Transcripts for High School (Part One) – Where to Begin?

The end of the school year often signals the end of the chaos that sometimes ensues in our homeschooling adventures.  For homeschoolers looking at high school in the fall, it can be a bit overwhelming thinking about high school transcripts, curriculum, and making sure you help your student plan courses to complement the career goals he or she has.  If your student is unsure of future plans, that’s okay!

Those home schooling high school students frequently have similar questions:

  1. What needs to be included in transcripts?
  2. How do I show grades earned for each subject?
  3. What about keeping a portfolio? What is a portfolio?
  4. What do I do when my student completes my state’s requirements for graduation?

I hope to answer these questions for you!  Of course, some of these answers will vary based on your state’s requirements for home schooling, but I will attempt to give you at least a baseline.

First, make it a point to know your state’s home school laws.  You can identify those through Home School Legal Defense Association (www.hslda.org).  Once you know what is required for your state, you can begin to formulate a plan to record transcripts.

Conveniently, there are a lot of templates for high school transcripts!  You can usually find those easily by searching the Internet.

1.  The information needed on the transcript includes student name, student birth date, a list of all courses taken (this works best divided up by grade level that the student took the classes), and grades earned for the courses.  Including a grade point average (GPA) is not necessarily needed, but can be helpful.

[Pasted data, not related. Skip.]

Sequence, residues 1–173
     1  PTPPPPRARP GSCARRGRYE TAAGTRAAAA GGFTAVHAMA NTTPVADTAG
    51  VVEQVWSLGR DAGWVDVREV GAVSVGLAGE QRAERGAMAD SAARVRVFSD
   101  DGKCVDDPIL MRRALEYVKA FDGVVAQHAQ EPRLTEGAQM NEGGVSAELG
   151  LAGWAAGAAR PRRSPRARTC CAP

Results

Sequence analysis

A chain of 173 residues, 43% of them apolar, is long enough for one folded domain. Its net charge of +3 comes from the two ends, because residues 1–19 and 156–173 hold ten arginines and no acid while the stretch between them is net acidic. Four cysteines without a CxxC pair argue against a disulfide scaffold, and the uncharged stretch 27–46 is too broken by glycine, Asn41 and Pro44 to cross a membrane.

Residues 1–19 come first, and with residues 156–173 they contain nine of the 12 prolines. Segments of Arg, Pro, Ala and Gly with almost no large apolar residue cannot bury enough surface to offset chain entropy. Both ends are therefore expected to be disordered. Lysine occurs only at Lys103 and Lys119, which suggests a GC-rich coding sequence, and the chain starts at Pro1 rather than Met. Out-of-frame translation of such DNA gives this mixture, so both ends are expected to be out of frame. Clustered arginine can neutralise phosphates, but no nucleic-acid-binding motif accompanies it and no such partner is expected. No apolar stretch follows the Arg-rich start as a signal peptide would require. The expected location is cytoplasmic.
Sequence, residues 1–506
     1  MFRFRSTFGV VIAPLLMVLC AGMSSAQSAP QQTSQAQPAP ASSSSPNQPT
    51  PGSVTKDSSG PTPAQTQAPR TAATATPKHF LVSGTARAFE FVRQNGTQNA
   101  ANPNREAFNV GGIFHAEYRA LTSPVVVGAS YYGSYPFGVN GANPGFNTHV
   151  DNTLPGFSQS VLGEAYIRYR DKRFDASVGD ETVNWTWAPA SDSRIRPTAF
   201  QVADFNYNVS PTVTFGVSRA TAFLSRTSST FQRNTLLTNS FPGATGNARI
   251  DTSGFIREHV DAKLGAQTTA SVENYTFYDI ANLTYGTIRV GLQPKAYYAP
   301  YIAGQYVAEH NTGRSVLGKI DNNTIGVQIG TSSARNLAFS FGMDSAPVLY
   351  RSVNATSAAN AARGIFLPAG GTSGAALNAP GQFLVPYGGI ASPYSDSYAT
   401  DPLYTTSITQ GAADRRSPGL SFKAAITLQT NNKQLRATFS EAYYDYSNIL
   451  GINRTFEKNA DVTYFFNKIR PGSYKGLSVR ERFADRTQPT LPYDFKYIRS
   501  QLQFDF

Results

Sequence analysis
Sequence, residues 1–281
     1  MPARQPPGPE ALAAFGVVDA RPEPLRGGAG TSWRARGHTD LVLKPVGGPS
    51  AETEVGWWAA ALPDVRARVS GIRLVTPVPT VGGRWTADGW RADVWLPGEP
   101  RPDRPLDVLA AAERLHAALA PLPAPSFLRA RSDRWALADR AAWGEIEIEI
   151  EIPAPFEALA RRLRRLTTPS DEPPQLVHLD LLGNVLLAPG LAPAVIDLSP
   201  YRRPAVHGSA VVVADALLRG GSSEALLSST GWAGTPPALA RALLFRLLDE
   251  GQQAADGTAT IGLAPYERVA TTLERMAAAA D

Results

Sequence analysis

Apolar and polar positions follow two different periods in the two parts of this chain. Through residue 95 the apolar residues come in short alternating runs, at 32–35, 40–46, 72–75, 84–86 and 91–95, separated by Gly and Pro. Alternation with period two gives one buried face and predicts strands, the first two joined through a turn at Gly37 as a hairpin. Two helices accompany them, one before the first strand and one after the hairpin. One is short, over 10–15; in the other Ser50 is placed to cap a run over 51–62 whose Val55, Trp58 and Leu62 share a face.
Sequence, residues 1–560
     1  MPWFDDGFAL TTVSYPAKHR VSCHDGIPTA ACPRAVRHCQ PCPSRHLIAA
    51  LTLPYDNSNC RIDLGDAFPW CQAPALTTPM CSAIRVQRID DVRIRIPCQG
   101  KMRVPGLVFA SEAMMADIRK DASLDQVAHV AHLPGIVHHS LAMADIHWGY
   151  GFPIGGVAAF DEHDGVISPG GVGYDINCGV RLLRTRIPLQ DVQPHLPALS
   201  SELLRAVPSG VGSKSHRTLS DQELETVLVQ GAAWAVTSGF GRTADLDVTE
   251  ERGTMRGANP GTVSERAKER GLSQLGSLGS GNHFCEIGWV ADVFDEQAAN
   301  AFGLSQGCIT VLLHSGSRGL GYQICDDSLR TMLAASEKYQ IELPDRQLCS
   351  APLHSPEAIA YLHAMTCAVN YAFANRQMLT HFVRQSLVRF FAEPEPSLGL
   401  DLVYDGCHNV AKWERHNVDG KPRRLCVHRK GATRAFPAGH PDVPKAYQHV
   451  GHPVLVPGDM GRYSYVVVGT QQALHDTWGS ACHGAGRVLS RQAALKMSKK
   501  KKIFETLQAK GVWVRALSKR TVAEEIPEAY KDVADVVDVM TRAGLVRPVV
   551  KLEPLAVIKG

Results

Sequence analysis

2.  As the teacher, you enter grades for each semester and include hours of teaching instruction for each subject.  This is easier than it sounds and can be an estimate.  Many of us use textbooks or even software and the lessons will total the required number of hours needed for full credit in the course.

3.  A portfolio is simply an example of the student’s work throughout a school year or, for high school students, a sampling of the work completed throughout high school.  I like to include unit tests from each class (if possible), research papers, and anything that will create an accurate example of where my student was at the beginning of the year, middle of the year, and at the end.  The student’s work should reflect adequate progress and successful completion of the course.

A couple ideas for portfolio storage.

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4.  When your student has earned the required credits (based on your state’s requirements), you have several options for acknowledging your student’s accomplishment and creating a solid record for college entry.  The simplest means is to couple the student’s transcript with a high school diploma.  These can be ordered from a variety of websites that cater to homeschoolers.  We prefer to use www.homeschooldiploma.com for our needs.  Many community colleges require a standardized testing (whether ACTs, SATs, or a college placement test) for determining academic level, so the proof of the student’s knowledge, understanding, and skill level does not simply rest with the grades parents give out.  The tests will solidify what your student knows.

These are the very basic things you need to get started on recording your high school student’s course completions and to begin on the home school path toward graduation!

Next time, I’ll be discussing how to credit unusual classes like ballet, theatre/drama, and building trades as well as ideas for graduation ceremonies for homeschoolers!

“And at the end of ten days it was seen that they were looking better and had taken on more flesh than all the youths who ate of the king’s rich dainties…As for these four youths, God gave them knowledge and skill in all learning and wisdom, and Daniel had understanding in all [kinds of] visions and dreams.” (Daniel 1:15 & 17, Amplified Bible)